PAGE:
Fleetwood Mac
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Fleetwood Mac's Hatred for One Another Was Largely Attributed to Love and Drugs

Chris Barilla - Author
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Jan. 18 2023, Published 1:17 p.m. ET

In terms of overarching influence on the face of modern music, few bands can say that their music has had as much of a resounding impact as Fleetwood Mac. The group's definitive album, "Rumours," is a masterclass in merging soft rock and popular music, and nearly a half-century after its release, it's still inspiring new generations of musicians.

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For all of those reasons and more, Fleetwood Mac's position in music history is about as solidified as can be. But alongside those successes as a band, its members had their fair share of issues with one another over the years. With that being said, why did Fleetwood Mac seem to hate each other at a time when they were the biggest thing in music? Let's unpack some of the reasons.

Fleetwood Mac
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Why did Fleetwood Mac hate each other? Well, things got pretty complicated romantically.

Everyone knows the old saying of "don't mix business with pleasure." Well, Fleetwood Mac threw that notion completely out the window during the peak of their fame, and the band members' various affairs with one another led to hatred and resentment among its members that reverberated for decades and helped create some of their most famous songs.

The first couple worth mentioning is Stevie Nicks and Lindsey Buckingham. They were already dating when Lindsey asked Stevie to join Fleetwood Mac, per the Los Angeles Times, but their relationship ended right around the time that the band made 1977's "Rumours." The result? An album filled with subtle jabs between the former lovers. Think "Second Hand News," "Never Going Back Again," and "Go Your Own Way," which were all written by Lindsey about Stevie. Likewise, she wrote "Dreams" about him.

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Next up after that situation was Stevie engaging in an affair with band founder Mick Fleetwood. This situation was later described by Stevie during an Oprah's Master Class interview where she was candid about its pitfalls.

The singer said, "Mick and I would never have had an affair had we not had a party and all been completely drunk and messed up and coked out, and, you know, ended up being the last two people at the party."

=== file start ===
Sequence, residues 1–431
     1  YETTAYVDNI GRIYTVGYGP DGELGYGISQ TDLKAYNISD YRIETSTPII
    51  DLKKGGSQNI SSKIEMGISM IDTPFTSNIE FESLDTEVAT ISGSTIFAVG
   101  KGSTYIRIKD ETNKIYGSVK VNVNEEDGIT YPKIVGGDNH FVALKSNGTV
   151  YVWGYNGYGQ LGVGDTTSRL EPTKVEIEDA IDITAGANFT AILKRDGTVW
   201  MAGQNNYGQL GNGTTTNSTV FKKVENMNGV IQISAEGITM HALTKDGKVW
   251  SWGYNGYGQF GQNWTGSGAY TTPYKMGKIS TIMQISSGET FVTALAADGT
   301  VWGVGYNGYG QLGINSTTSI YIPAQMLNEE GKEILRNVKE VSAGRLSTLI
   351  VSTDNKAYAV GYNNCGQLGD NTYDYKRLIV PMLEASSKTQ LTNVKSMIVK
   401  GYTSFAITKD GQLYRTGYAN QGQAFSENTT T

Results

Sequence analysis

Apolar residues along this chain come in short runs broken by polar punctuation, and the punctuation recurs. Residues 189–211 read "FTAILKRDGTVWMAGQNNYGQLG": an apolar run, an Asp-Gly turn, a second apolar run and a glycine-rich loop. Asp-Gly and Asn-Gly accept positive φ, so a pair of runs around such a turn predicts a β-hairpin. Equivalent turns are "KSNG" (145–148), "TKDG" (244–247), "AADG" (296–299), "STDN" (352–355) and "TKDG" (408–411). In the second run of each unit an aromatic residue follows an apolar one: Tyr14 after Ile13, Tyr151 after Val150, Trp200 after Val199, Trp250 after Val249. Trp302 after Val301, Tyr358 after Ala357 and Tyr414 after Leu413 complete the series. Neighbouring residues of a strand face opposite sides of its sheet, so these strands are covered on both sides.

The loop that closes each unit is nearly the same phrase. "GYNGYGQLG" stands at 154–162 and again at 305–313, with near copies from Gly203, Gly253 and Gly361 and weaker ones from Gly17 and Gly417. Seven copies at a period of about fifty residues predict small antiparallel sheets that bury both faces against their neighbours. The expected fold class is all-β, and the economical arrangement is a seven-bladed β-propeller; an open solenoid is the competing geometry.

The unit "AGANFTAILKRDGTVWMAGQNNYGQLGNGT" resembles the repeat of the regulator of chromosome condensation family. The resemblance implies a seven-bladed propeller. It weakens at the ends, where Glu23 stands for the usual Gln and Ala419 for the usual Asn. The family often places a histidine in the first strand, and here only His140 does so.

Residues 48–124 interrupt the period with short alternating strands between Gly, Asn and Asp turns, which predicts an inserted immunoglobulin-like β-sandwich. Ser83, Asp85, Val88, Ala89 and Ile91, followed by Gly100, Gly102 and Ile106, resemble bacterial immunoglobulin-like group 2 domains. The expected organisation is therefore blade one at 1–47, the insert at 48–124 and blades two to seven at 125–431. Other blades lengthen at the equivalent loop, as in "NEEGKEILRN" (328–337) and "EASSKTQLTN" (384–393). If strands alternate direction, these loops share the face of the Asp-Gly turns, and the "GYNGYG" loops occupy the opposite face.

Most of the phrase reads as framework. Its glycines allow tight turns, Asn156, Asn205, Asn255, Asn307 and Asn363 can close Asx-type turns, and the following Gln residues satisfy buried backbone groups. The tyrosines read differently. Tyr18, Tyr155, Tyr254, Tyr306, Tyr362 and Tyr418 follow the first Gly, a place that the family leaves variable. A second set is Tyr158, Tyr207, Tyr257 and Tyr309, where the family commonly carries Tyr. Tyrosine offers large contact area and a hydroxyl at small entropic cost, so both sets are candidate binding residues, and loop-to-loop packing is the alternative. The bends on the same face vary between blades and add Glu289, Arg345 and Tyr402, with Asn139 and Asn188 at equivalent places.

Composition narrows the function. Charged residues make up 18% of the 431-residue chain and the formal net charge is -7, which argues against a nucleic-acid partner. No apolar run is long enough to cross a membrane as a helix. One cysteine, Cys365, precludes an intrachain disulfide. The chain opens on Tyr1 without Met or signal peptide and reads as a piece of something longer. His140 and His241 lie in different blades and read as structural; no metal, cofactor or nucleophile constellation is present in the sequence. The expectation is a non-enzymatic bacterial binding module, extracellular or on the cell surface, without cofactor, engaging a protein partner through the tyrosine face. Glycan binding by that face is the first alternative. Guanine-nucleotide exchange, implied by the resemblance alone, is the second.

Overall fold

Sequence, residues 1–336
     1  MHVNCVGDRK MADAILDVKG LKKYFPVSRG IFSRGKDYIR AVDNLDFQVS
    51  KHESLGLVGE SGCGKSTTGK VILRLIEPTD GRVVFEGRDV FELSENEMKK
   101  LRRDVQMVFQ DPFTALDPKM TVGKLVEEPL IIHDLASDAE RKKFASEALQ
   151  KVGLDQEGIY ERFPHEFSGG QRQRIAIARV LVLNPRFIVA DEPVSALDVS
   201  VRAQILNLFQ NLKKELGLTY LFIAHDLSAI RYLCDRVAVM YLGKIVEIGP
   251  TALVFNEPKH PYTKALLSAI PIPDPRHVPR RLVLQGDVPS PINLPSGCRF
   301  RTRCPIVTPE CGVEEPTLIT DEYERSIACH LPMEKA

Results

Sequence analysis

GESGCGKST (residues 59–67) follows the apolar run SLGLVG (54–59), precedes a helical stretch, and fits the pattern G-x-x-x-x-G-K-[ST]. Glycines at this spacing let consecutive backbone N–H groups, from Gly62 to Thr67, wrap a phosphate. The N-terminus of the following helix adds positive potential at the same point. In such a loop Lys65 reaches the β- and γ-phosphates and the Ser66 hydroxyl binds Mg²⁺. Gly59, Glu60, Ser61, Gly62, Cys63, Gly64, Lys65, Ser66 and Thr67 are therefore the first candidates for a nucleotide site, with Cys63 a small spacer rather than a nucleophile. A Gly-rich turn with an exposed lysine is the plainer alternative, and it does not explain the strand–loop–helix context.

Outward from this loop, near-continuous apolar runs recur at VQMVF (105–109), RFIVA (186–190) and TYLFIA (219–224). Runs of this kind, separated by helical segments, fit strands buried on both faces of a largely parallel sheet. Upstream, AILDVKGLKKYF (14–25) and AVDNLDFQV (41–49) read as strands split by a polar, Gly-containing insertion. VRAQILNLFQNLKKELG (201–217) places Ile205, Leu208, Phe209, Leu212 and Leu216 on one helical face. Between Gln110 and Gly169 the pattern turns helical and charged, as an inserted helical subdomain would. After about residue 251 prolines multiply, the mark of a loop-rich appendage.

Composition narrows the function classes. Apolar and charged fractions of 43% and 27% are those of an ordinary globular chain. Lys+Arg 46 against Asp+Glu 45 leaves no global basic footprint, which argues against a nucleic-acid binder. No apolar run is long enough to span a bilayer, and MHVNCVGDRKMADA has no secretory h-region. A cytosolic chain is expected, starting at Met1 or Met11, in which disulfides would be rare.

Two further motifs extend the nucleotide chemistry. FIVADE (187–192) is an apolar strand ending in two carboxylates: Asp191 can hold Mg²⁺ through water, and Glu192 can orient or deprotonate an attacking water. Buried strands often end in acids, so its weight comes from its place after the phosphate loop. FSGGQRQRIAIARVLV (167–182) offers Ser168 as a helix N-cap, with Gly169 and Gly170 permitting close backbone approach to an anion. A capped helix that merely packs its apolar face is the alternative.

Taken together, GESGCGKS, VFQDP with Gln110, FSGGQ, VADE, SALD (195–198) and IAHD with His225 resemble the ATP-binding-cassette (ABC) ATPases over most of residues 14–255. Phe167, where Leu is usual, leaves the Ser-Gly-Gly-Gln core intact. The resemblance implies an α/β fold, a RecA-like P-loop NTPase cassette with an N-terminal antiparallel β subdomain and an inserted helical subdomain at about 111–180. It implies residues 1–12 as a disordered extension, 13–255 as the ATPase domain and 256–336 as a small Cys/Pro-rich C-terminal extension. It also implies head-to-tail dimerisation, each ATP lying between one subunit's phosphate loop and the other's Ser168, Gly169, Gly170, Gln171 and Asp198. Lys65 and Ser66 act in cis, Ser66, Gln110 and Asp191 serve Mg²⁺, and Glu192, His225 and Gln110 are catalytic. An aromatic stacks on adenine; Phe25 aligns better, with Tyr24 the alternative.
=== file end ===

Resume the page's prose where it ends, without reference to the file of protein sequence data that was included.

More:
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She added, "So guess what? It’s not hard to figure out what happened — and what happened wasn’t a good thing. It was doomed. It was a doomed thing, caused a lot of pain for everybody, led to nothing."

The group's built-in couple came in the form of Christine and John McVie. The duo faced difficulties when Christine had an affair with Martin Birch, who worked as the band's sound engineer, in 1973. Martin was fired, and despite their not immediately splitting, tensions existed between Christine and John.

"We literally didn’t talk, other than to say, 'What key is this song in?'" Christine later told Uncut about that tumultuous time. "We were as cold as ice to each other because John found it easier that way." After seven years of being married, Christine and John decided to split and the former went on to have a relationship with the band’s lighting director, Curry Grant, causing even more tension within the group.

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Fleetwood Mac's internal issues were also attributed to rampant drug usage.

Romance aside, drugs played a huge role in how tensions developed between Fleetwood Mac members.

Christine possibly alluded to this when she told Rolling Stone in 1984 of Stevie: "She seems to have developed her own fantasy world, somehow, which I’m not part of. We don’t socialize much."

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The issue wasn't just with Stevie, either. In 2021, Mick reflected on the group's drug issues to Classic Rock magazine: "There’s no doubt we were well equipped with the marching powder. That’s a well-worn fairy tale that gets more like a war story, that gets more and more aggrandized. I’m not minimalizing the fact that we were definitely partaking in that lifestyle."

Mick later added, "That went on for a long, long time, Stevie Nicks has addressed it, so I’m not divulging anything that she hasn’t spoken about. It got out of hand way after the making of 'Rumours.' I remember not working for two years. I can’t even remember what I did."

Romance and drug issues aside, Fleetwood Mac's hectic time together undoubtedly gave way to some of the most iconic music of the 20th century.

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